Ahimsa in my life

Ahimsa is one of the Yamas of Ashtanga yoga. This Sanscrit word is a term meaning to do no harm, or literally the avoidance of violence. This Yama has unknowingly been a big part of my life journey. At the early age of 8, I vowed that I would never eat another animal. My parents thought it was a phase that I would get over in a couple weeks. Now at 22, not only have I never gone back to eating meat, I have also eliminated animal by-products from my diet as well. To my parents’ surprise, I’ve been vegan for the past 4 years and I have married a kind-hearted, vegan man. To further explain my thoughts behind veganism, here was my thought process: I love animals. As a Christian I believe that God gave animals to us as an option for food after Noah’s ark. God gave us charge/dominion over animals, not to torture them, but to take care of them and sustain ourselves with them. He intended us to have dominion over them in the way He has dominion over us. It is not to be for oppression, but for the betterment of the kingdom (or community). It was not intended for gluttony or for the torture that meat factories now practice.

Another thing I realized was the hypocrisy of my living. I said I loved animals, but I financially supported people who brutally kill them. I helped keep that process going. I love my dog and I would never even think about harming him. What makes a cow different? Veganism was a no-brainer for me once I thought about all of it.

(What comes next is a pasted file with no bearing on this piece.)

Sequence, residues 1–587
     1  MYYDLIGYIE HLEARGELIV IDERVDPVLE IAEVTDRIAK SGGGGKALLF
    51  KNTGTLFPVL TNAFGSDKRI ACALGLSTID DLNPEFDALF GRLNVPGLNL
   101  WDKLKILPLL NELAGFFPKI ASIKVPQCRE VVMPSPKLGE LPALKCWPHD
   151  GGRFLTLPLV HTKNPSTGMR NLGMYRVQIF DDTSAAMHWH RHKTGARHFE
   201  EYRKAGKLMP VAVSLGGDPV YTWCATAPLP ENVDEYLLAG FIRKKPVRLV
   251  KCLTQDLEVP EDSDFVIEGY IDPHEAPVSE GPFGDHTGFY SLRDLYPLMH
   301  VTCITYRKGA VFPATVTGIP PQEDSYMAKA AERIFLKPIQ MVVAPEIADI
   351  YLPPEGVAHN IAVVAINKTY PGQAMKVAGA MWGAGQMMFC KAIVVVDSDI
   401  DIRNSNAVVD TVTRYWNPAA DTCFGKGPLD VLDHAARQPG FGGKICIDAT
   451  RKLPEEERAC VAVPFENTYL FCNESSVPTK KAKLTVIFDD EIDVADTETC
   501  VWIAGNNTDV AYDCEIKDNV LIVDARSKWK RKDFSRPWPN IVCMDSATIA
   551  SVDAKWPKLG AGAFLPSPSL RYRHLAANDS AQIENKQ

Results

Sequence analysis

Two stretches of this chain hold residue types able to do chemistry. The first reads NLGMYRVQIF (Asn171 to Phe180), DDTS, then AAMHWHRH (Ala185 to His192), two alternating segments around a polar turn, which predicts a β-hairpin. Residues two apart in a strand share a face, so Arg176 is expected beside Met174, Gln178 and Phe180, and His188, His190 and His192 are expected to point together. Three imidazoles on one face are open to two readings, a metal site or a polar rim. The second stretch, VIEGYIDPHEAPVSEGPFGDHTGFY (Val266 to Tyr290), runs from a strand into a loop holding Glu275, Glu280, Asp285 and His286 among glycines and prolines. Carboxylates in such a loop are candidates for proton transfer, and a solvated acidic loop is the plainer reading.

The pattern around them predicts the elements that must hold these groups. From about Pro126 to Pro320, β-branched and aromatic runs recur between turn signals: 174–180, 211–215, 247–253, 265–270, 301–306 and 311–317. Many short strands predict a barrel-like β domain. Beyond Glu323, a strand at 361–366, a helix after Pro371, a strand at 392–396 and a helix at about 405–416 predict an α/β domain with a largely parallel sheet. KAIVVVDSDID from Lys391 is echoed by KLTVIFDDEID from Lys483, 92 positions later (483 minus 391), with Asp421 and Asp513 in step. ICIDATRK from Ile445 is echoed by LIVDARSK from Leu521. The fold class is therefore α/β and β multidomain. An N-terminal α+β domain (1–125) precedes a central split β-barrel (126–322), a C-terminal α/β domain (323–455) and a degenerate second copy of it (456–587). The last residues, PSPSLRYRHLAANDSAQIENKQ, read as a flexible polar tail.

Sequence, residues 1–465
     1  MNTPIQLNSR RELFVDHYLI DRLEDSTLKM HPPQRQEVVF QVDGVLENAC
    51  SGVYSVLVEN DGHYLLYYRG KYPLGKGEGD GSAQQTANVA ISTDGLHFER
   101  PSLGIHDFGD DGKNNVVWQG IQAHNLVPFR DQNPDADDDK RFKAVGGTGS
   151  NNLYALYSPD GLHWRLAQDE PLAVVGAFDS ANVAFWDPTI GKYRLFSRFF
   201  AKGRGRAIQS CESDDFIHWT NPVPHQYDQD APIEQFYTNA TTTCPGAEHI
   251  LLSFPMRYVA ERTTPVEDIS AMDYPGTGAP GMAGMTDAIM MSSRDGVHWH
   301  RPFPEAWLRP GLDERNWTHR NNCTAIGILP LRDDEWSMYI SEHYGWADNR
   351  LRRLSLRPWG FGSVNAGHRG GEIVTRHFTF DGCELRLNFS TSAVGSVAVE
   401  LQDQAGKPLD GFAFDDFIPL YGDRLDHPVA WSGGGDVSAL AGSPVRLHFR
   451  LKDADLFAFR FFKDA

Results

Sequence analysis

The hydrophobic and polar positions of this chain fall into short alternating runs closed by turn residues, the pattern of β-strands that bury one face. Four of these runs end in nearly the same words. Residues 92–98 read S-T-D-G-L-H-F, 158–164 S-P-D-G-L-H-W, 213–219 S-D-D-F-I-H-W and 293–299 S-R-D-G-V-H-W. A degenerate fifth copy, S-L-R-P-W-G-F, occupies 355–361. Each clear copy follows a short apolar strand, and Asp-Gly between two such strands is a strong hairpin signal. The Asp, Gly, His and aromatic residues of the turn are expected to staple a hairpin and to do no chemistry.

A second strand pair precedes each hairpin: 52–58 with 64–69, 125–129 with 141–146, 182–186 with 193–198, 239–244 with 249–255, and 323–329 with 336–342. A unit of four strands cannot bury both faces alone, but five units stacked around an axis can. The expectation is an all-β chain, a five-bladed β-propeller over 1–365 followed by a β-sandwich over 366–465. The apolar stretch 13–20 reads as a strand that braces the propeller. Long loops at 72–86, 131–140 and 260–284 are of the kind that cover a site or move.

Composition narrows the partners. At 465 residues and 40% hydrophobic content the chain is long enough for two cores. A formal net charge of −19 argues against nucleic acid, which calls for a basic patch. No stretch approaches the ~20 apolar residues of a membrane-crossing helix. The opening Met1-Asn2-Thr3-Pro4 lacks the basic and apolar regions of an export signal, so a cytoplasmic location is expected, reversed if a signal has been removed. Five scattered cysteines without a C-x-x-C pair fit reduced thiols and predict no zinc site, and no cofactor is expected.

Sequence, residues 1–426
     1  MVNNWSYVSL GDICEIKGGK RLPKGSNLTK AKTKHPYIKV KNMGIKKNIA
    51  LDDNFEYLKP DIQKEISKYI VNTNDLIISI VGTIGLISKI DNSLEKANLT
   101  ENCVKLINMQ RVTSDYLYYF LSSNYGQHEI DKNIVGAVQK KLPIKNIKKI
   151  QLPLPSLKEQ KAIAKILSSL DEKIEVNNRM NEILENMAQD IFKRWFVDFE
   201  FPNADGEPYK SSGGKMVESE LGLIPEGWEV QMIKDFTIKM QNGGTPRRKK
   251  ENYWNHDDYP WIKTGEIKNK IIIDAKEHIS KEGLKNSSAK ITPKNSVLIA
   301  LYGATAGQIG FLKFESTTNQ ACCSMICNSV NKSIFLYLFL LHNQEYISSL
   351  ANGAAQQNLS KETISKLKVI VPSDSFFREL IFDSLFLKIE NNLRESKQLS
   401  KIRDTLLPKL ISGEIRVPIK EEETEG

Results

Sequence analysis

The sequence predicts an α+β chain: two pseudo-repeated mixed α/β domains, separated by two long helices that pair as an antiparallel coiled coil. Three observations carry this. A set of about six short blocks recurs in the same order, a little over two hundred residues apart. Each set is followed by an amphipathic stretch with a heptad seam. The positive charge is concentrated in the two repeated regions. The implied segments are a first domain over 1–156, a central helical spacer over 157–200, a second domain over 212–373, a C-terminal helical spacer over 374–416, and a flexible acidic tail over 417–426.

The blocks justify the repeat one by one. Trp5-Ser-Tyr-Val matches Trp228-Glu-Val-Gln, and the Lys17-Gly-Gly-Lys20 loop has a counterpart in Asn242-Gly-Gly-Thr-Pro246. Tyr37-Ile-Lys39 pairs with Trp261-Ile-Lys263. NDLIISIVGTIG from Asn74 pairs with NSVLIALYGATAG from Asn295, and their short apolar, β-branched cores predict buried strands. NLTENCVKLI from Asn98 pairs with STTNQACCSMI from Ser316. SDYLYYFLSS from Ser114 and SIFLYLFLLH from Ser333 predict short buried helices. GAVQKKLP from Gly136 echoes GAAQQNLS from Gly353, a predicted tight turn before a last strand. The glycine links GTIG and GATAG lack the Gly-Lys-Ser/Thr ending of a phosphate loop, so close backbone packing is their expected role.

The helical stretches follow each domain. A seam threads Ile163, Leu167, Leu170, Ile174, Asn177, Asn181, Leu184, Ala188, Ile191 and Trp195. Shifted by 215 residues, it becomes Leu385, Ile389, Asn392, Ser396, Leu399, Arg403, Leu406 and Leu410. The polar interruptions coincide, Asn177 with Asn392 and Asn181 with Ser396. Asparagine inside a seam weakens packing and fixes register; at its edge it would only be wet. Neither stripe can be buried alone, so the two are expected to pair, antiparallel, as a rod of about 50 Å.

In light of my research of Ahimsa in yoga, I love being vegan more than ever. I’m glad that in that part of my life, I help promote peace with all creation. I’m working on the other parts of my life: road rage, being irritated by people at work, starting arguments with people I disagree with, and wishing anything bad for anyone else. Avoidance of verbal violence, as well as the physical, is part of the principle of Ahimsa. Clearing the mind of harmful thoughts is hard!

I used to struggle with Ahimsa towards myself a lot. Most people are their own hardest critics. I was that and then some. Nothing I did was ever right. The way I looked was never good enough. No matter how many miles I ran and calories I burned, I was never thin enough. I am still too hard on myself sometimes, but I have drastically improved that through self-discipline and a realization of my true value.  I think this is one of the most important pieces of Ahimsa: not harming yourself [emotionally].

I have grown to love and appreciate myself. This has 100% changed my life. Now, I seek to help others realize their value and come to love themselves too. It is like being released from shackles. Freedom! Inner peace! Not only am I happier with myself, other people want to be around me more. People like content, joyful, peaceful, positive people. There are few things in life that are as sweet as having a calm spirit and practicing peace towards all.